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Goddess in the Sky, 2016. Flameworked American pressed glass, mixed media. 26″ x 18″ x 6″

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White Swan Theater, 2013. Flameworked and fused American pressed glass, mixed media. 20″x26″x5.5″

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Sky Blue Cluster, 2015. Flameworked American pressed glass, mixed media. 10 1/2″ x 10 1/2″ x 4 1/2″

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Spring Mint Bowl, 2015. 19″ x 19″ x 4″

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River Green and Mint, 2015. Flameworked American Pressed Glass Cullet, Red Oak, Mixed Media. 17″ x 52″ x 8″

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Art

Prismatic Paintings Produced From Refracted Light by Stephen Knapp

July 29, 2016

Kate Sierzputowski

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Stephen Knapp has been making work that is transformed by light for over thirty years, producing vibrant light installations he refers to as paintings. These large-scale works utilize minimal tools, harnessing simply light and dichroic glass to throw a multitude of colors against the walls and room. The installations are not sketched out beforehand or programmed by computer, but rather created during the installation process as Knapp moves intuitively to choreograph his intricate light patterns.

“The fun of what I do with light, is that there is nothing in our visual memory that prepares us for what I’m doing,” said Knapp in a short film about his work. “The fact that what I create can just be done with light, that there is no paint on these panels, is absolutely astounding to people. What I am trying to do most of all here is challenge any traditional notion of perception. What is it? Is it real? Is it not real? Does it matter?”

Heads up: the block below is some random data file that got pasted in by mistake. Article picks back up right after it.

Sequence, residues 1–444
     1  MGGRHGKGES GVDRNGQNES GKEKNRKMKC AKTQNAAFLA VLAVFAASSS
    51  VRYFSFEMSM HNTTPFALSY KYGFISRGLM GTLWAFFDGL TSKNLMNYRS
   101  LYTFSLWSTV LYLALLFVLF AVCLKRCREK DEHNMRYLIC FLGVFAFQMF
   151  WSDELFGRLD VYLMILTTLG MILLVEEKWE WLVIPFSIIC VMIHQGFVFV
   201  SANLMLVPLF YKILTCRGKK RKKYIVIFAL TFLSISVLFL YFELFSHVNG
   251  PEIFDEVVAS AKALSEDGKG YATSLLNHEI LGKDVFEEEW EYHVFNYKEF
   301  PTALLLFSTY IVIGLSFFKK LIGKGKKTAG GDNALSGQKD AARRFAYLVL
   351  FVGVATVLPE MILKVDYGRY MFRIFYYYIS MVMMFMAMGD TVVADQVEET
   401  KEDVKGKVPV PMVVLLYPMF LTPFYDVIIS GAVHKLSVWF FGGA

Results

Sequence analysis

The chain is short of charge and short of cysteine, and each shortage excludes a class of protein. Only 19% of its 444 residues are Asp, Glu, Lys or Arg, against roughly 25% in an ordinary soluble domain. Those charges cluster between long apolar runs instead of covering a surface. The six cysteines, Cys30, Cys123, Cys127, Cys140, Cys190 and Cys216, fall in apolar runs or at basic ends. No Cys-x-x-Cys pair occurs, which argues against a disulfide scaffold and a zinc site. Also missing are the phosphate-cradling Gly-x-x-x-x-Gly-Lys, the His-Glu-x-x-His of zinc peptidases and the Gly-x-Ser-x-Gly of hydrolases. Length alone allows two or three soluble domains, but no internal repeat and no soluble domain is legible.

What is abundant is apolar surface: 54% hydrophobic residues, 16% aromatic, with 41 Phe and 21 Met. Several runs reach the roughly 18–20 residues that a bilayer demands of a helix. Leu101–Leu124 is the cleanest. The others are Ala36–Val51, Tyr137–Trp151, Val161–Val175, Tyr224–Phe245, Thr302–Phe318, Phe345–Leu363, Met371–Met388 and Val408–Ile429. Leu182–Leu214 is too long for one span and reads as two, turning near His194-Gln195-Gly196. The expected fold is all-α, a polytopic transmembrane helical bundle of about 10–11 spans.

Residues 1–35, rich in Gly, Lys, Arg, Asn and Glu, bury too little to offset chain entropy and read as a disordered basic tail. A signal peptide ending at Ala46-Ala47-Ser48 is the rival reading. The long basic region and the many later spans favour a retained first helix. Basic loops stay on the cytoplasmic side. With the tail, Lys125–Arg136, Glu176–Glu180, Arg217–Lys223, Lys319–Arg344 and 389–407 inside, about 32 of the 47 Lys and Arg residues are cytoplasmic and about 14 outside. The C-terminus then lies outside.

These works have been featured in solo exhibitions around the country including the Boise Art Museum, the Chrysler Museum of Art, the Naples Art Museum, the Butler Institute of American Art, and the Flint Institute of Art, among others. Knapp’s solo exhibition Lightpaintings is currently on view through August 27, 2016 at the Pensacola Museum of Art. (via Colossal Submissions)

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Food

Edible Sea Glass Candy Looks Just Like It Washed up on the Beach

July 19, 2016

Christopher Jobson

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Jason and Andie from Andie’s Specialty Shop have an incredible skill for making edible treats that look like everyday objects from vintage buttons to chocolate gears or even an entire Scrabble set. One of their most popular treats are bags of mixed candy chunks that look exactly like sea glass, pieces of broken bottles churned by the seashore. I can’t even imagine how they make these oyster shells embedded with chocolate.

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Craft

New Miniature Handmade Glass Creatures by ‘Glass Symphony’

July 6, 2016

Christopher Jobson

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Kiev-based glass artist Nikita Drachuk of Glass Symphony (previously) continues to crank out all matter of tiny glass objects from birds and bees to slugs and salamanders. Drachuk primarily uses a technique called lampwork, where a high-temperature torch is used to melt colorful glass rods. You can see more of his work on Etsy.